308 Winchester caliber opinions...

Discussion in 'Up To .375' started by Marcos Rodriguez, Aug 9, 2017.

  1. samu

    samu AH Member

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    Then again more and more guns are made with one action only. Tikka T3 and Blaser R8 to name few. LA Tikka actually has shorter bolt stop, no filler in magazine and more material out of same barrel blank carved to accommodate larger cartridge, making it insignificant amount lighter than short action.
     
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  2. Hearties

    Hearties AH Veteran

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    No-one will ever admit to preferring less length
     
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  3. Fastrig

    Fastrig AH Enthusiast

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    There is no “winner” between these two calibers, IMO. They both shine in given areas. If you want a bit more power at short range or going for longer range hunting, say out to 500 yards, then the 30-06 is the rifle of choice. If you want a great hunter from 300-400 yards in, that’s easy on the shoulder and cost effective to shoot a lot, with very close ballistics to the 30-06 in this range, then the 308 is a very good choice.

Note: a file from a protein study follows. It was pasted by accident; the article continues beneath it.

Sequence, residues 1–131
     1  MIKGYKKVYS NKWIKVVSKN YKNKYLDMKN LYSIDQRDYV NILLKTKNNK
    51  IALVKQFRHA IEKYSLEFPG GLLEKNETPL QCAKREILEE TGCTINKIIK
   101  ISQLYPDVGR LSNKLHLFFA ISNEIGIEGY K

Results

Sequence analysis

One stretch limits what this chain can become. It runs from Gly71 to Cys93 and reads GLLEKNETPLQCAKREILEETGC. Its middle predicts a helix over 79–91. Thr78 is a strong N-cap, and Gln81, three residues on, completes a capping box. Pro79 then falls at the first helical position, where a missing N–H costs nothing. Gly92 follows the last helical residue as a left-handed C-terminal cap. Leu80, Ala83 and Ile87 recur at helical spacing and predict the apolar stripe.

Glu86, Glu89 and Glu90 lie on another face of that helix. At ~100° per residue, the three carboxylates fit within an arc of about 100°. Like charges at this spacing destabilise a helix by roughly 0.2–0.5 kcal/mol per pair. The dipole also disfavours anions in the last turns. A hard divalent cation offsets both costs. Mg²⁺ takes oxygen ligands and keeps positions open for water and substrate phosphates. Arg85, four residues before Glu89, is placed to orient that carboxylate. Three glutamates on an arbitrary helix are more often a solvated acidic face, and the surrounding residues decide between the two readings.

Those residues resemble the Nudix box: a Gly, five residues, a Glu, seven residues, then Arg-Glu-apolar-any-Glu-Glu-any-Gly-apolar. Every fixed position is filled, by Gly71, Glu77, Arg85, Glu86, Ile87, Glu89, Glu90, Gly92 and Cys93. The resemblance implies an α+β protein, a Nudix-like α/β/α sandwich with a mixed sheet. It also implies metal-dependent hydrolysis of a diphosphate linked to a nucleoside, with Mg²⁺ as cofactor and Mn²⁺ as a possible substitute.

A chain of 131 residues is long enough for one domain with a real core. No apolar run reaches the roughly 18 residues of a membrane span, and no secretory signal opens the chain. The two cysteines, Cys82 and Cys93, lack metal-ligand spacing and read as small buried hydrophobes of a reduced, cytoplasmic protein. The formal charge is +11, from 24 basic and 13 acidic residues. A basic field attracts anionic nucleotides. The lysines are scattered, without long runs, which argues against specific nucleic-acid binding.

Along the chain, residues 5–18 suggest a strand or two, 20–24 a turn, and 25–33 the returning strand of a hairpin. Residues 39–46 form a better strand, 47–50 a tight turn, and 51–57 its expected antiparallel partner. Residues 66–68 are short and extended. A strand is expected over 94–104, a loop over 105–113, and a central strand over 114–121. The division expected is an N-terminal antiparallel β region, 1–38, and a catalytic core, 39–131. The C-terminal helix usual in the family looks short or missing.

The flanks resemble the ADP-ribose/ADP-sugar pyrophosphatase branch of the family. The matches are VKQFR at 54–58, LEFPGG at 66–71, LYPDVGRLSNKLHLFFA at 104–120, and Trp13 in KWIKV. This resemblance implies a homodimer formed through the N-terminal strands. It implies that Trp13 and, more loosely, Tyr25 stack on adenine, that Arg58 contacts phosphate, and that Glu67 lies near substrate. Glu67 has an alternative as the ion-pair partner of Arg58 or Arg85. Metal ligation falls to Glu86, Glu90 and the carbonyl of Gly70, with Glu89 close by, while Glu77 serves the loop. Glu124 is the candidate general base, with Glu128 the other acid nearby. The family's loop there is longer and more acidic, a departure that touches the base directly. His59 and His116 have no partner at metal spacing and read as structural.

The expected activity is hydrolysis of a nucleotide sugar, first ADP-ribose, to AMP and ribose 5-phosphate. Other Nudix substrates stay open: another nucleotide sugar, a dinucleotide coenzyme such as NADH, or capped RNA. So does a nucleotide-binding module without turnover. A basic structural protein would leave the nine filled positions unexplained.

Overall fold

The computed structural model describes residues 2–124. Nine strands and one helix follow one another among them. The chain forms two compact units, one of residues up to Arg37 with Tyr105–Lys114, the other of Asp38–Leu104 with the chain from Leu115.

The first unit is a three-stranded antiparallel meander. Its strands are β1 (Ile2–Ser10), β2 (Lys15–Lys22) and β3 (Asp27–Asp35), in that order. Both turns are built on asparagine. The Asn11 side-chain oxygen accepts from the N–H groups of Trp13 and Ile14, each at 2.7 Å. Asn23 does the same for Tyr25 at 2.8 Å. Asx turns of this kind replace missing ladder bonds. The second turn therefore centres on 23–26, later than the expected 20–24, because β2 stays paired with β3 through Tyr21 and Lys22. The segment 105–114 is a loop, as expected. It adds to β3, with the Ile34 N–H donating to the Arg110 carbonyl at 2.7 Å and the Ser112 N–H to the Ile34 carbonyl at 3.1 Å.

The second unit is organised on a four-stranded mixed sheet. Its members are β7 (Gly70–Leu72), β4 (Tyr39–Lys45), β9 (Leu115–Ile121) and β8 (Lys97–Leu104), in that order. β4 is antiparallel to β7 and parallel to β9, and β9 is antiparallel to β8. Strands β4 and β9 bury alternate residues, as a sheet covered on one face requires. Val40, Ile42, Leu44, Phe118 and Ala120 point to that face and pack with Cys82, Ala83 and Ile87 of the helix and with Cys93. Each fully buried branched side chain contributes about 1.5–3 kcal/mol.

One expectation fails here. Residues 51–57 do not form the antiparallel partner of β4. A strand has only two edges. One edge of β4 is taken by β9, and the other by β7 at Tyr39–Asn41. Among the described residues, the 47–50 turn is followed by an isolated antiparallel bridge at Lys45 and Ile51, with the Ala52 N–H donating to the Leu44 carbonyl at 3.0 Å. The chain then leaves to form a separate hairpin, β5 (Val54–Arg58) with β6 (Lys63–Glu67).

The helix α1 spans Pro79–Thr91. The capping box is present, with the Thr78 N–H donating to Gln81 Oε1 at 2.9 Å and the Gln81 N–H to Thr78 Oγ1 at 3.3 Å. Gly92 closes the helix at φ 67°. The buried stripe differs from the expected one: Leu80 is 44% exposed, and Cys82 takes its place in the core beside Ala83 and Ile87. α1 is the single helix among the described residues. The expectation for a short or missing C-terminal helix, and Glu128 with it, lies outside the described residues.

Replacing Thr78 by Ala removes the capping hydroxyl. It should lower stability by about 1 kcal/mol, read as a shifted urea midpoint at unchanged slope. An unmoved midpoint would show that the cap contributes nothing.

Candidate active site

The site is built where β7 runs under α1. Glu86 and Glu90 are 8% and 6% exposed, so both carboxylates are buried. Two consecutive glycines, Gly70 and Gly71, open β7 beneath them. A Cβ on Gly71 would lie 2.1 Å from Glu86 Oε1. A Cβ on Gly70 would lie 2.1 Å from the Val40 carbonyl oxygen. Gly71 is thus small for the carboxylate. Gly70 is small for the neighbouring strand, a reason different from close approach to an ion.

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  4. Daga Boy

    Daga Boy AH Veteran

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    He is half right. It is an excellent all round choice for game up to the size of Zebra at ranges preferably not exceeding 200m - which covers the majority of African plains game hunts.
    For long range applications and heavier game several other calibres come into their own.
     
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  5. Daga Boy

    Daga Boy AH Veteran

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    Speaking for myself, I greatly prefer the .308 over the 30-06. The main reason is that the .308 does essentially the same job out of a significantly more compact rifle, and it does it with less recoil. There is also the argument about "inherent accuracy" but I am prepared to discount that. IMHO, if you are going to step up to a full length case then you might as well go for a 7mm Rem Mag or .338WM, depending on your application. If mainly bush then 9.3 x 62 is also a good call. All of these fit into a standard '06 action and all outperform the old lady.